Karl H., it's not a bad argument, but far from certain.

In essence, you are arguing the thermodynamic limit, that when you go to the limit of very large distance and time scales, all the medium-scale fluctuations just average out, and the only things that still matter are certain basic parameters, such as the solar energy budget, total average percentage cloud cover, et cetera.

Sometimes complex systems work out that way, yes. But sometimes they don't. For example, just consider an ordinary fluid at its freezing point. If you did not know ahead of time that it would exhibit a spontaneous breaking of (translational) symmetry and form a crystal, you would never predict it. It's quite an astonishing thing to have happen, if you just know that it's made of molecules with certain interactions. Why would order on an enormous scale break out, when the interactions are so short-range? This is something you'd never predict using your thermodynamic limit argument.

It's even hard to do a computer simulation of a liquid correctly so that it freezes into a solid, unless you cheat because you know the solid forms.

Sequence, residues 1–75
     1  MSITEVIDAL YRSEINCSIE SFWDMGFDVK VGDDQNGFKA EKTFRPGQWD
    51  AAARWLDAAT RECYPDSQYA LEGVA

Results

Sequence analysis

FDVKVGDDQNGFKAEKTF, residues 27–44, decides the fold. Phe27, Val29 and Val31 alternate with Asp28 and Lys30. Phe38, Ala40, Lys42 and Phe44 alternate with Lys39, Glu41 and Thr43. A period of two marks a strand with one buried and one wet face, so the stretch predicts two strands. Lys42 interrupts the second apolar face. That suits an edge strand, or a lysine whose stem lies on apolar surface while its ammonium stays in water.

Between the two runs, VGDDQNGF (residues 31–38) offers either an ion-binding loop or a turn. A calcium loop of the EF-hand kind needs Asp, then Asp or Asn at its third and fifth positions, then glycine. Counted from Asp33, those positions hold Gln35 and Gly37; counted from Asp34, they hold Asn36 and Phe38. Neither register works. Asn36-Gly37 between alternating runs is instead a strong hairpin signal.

I'm not saying you're wrong. But lots of experience in the physics of complex systems says your argument is fairly speculative, a priori.

Posted by Carl Pham at August 17, 2007 07:49 PM

At 2pm EDT (8-17), the GFDL model has moved west. In fact, so west, that landfall is south of Galveston Island.

Posted by Leland at August 17, 2007 08:23 PM

Not only are we going to the Antilles, we're going to Puerto Rico and the Dominican Republic and Haiti and Cuba and the Caymans, and we're going to Yucatan and Texas and Louisiana. And we're going to Arkansas and Tennessee and Kentucky and Virginia, and then we're going to Washington, D.C., to tear down the White House! YEEEARRGH!

Posted by Alan K. Henderson at August 17, 2007 09:48 PM

Let's hope that the consensus of the other models is right, and it's heading for Mexico.